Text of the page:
This study computationally evaluates the effect of loudspeakers on the in situ electric field in a driver body model exposed to the magnetic field from a wireless power transfer (WPT) system in an electric vehicle (EV), one with a body made of carbon fiber reinforced plastic (CFRP) and the other made with aluminum. A quasi-static two-step approach was applied to compute the in situ electric field. The computational results showed that the magnetic field distribution generated by the WPT is significantly altered around the loudspeakers, and shows obvious discontinuity and local enhancement. The maximum spatial-average magnetic field strength in the driver’s body was increased by 11% in the CFRP vehicle. It was 2.25 times larger than the reference levels (RL) prescribed in the International Commission of Non-Ionizing Radiation Protection (ICNIRP) guidelines in 2010. In addition, we found that the in situ electric field computed by the line- and volume-averaging methods were stable if the top 0.1% voxels are excluded. The maximum value was well below the basic restriction (BR) of the ICNIRP guidelines. Nevertheless, the presence of the loudspeaker led to increments in the electric field strength in parts of the human body, suggesting the potential influence of permissible transmitting power in the WPT system. The maximum electric field strength in the thigh and buttock with the woofer, increased by 27% in the CFRP vehicle. The arm value was up to 3 times higher than that obtained without the tweeter in the aluminum vehicle. Moreover, this study found that the maximum electric field strength depended on the location of the loudspeaker with respect to the WPT system and the separation from the driver model. Therefore, the loudspeaker should be considered when evaluating the maximum in situ electric field strength in the vehicle body design stage.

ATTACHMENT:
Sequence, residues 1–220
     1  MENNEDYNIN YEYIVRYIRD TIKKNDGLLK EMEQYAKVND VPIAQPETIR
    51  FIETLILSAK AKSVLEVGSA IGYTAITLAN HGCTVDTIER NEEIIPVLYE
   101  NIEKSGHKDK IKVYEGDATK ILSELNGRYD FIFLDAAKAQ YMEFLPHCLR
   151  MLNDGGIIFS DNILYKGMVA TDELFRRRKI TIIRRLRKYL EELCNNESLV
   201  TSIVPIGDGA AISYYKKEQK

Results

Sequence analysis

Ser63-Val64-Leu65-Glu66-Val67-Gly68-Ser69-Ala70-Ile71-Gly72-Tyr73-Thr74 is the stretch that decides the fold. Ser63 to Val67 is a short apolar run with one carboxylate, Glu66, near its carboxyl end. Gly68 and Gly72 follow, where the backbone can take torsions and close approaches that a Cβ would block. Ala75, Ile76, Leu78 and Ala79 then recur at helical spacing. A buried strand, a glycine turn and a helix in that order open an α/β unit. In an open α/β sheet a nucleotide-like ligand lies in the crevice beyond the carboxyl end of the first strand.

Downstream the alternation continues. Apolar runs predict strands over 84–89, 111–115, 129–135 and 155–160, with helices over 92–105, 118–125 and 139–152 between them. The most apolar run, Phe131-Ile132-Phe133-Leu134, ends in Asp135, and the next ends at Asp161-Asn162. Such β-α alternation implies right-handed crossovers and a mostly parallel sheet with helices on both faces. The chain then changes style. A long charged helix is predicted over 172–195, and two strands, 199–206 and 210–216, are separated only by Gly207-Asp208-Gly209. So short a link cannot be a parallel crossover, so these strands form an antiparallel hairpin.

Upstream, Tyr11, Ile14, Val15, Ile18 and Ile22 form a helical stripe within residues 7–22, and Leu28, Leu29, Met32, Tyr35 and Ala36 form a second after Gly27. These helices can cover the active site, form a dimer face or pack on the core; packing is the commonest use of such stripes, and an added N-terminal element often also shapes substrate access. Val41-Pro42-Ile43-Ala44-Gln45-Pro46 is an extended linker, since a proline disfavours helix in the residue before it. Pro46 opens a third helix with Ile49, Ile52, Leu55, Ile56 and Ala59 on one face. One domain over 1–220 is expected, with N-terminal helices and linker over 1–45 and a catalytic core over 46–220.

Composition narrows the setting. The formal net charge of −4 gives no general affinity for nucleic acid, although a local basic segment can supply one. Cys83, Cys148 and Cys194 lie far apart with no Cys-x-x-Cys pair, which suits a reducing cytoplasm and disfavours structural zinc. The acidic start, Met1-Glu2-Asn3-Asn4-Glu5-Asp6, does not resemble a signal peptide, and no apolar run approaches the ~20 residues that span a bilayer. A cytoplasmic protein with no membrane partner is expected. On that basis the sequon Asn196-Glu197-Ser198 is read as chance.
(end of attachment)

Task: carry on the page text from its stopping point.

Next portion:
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https://doaj.org/toc/1996-1073 under the license cc-by
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Published on 01/01/2020

Volume 2020, 2020
DOI: 10.3390/en13143635
Licence: Other

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